Ann offers the route for an audience’s sympathy to find a way in.
The film was shot in two blocks, each of a week but several months apart. Botes captured about 30 hours of material which he described as “quite a lot less than normal for me”. The first block was, Botes said, “being caught up in the thick of it and hanging on,” as he became immersed in the reality of living with someone who has manic episodes and is very difficult to interview, or even hold a conversation with. He described it as “all run and gun”.
The second block was more considered. Prior to filming, Michael criticised NZ films for being too soft, and told Costa he wanted the film to be hard. “It would have been easy to make it exploitative,” Botes said, but that was never part of the plan.
Writing about the process on his website, Botes notes, “The only good thing when you’ve got nothing to lose is that compromise goes out the window and you do the work how you want to do it.”
The statement could apply equally to Morrissey and the film.
The material sat for a long time before Botes began to assemble it, partly for practical financial reasons and partly because the material was challenging. When Morrissey saw the finished film, he said afterwards, “It’s pretty hard, isn’t it?” which Botes takes as a compliment.
There is, however, a strand of black humour running through it, which Botes felt the film needed “to lubricate” the audience experience. Morrissey’s behaviour, attitude and high velocity rants don’t make comfortable viewing. “You’re insulting me because you’re saying my analysis of your stupidity is incorrect,” he offers at one point. How he makes it out of the film without his wife wrapping a frying pan round his head is a mystery.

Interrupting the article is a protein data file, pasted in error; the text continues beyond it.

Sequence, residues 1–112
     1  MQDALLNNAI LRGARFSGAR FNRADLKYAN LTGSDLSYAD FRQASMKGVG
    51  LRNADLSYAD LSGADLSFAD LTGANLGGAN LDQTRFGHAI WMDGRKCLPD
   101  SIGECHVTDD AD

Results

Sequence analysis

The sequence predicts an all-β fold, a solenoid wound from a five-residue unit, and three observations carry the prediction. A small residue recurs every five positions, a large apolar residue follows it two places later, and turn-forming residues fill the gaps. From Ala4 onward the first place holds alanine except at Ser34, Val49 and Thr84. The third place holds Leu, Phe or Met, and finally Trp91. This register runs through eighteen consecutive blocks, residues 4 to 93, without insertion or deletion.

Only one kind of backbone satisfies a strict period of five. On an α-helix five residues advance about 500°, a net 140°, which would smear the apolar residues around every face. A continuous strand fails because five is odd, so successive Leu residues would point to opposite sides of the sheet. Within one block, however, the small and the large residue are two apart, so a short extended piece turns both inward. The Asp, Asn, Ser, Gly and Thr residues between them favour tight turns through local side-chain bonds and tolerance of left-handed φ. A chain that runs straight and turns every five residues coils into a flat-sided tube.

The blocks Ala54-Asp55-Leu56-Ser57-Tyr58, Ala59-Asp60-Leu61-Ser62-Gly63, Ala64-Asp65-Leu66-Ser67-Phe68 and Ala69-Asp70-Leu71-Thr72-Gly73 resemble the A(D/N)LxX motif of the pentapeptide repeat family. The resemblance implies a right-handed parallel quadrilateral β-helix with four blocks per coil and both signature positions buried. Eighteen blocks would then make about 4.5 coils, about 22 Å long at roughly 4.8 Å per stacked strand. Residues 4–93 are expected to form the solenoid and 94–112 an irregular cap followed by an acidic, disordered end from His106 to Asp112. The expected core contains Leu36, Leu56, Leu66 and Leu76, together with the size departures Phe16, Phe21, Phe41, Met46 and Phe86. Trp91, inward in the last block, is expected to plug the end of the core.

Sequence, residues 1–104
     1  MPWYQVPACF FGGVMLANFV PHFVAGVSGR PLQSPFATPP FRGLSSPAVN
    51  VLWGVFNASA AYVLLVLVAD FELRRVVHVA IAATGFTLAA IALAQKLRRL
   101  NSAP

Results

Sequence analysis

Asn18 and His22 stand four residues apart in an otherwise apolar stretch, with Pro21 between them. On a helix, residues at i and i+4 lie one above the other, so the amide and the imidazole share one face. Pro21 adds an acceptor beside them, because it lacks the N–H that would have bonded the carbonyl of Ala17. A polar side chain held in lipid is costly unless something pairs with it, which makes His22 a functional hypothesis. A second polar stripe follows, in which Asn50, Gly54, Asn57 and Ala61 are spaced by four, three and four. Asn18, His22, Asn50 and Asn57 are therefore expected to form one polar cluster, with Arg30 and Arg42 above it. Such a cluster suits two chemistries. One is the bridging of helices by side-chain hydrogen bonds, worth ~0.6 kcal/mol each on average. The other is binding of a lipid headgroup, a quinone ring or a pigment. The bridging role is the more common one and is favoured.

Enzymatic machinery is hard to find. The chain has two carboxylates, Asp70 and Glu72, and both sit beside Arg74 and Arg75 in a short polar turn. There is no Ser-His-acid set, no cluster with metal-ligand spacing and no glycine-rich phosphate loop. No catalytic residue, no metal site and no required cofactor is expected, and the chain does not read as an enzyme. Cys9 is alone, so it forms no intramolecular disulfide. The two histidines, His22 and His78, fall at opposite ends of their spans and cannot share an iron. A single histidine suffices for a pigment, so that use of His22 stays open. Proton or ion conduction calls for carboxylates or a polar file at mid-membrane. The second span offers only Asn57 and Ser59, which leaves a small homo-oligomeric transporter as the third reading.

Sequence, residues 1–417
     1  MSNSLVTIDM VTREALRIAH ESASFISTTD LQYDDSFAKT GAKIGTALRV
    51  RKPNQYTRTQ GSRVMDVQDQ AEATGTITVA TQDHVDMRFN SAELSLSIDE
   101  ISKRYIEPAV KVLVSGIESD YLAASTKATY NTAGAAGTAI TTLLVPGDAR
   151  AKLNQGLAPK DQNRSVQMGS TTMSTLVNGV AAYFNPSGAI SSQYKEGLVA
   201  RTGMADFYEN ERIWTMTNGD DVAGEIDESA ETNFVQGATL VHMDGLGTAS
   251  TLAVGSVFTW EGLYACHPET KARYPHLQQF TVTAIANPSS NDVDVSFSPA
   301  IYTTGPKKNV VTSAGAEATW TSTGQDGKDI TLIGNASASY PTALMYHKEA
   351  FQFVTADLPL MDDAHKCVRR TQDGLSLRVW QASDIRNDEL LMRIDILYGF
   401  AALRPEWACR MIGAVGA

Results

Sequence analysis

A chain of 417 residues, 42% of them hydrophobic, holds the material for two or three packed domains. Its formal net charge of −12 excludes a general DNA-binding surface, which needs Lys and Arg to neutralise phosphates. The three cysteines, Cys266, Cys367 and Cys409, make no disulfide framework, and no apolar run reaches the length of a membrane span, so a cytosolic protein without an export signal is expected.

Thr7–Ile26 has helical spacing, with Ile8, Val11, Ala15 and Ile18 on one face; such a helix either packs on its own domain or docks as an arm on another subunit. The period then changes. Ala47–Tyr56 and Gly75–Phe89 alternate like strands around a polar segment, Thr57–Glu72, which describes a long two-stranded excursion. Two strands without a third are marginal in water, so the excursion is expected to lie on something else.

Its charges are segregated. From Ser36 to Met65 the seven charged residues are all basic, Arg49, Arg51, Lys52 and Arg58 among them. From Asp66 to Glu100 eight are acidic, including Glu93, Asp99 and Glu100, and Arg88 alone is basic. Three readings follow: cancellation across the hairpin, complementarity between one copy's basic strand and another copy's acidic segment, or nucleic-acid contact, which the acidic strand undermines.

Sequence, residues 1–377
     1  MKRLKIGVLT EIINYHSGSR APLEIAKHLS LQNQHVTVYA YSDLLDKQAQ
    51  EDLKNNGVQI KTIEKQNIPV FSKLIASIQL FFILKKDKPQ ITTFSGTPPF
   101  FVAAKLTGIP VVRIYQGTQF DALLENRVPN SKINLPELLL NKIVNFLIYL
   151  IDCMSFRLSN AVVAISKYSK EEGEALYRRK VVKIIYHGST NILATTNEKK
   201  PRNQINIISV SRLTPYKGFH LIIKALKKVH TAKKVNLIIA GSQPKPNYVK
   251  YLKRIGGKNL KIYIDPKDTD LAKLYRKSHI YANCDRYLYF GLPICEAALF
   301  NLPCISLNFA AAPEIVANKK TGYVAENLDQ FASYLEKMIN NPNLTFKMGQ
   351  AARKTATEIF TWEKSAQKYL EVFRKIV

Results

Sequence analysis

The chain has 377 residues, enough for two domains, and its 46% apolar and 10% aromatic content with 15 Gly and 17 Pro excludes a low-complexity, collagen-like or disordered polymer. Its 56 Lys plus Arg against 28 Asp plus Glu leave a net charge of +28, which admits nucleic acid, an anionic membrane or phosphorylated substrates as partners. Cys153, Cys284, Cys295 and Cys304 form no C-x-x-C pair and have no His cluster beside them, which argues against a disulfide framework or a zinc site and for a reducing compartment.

Some of his friends and acquaintances are also less than sympathetic characters, leaving Ann almost the only sane character in the story.
In essence, the film is about the conflicts between art and life, between husbands and wives, and not so much about bipolar disorder or manic depression to give its more descriptive if currently un-PC name.
The shooting style is spare, as one would expect from a low-budget production, using natural light, but Morrissey burns bright throughout. Too bright, Ann says more than once, worried he’ll end up a pile of ash on the kitchen floor.
Given the open-ended nature of the subject matter, the question of when the story was over was tricky. “I couldn’t see the upside. I could see it ending in suicide,” Botes said, referencing a subject Morrissey himself addresses in the film.
It didn’t, and Morrissey will attend some Q&A sessions accompanying festival screenings. After seeing him in full manic flight on screen, indiscriminately eviscerating anyone and everyone within range, it will be interesting to see if anyone’s game enough to ask him anything.
To return to Botes’ original question, did it leave you feeling better or worse? Definitely better, and not just in a there-but-for-the-grace-of-god way.
Daytime Tiger screens at the Academy in Auckland on Saturday 23 July (6pm, world premiere), Monday 25 (3.30pm) and Tuesday (6.15pm) and at Te Papa in Wellington Saturday 30 July and Tuesday 2 August (both at 1.30pm).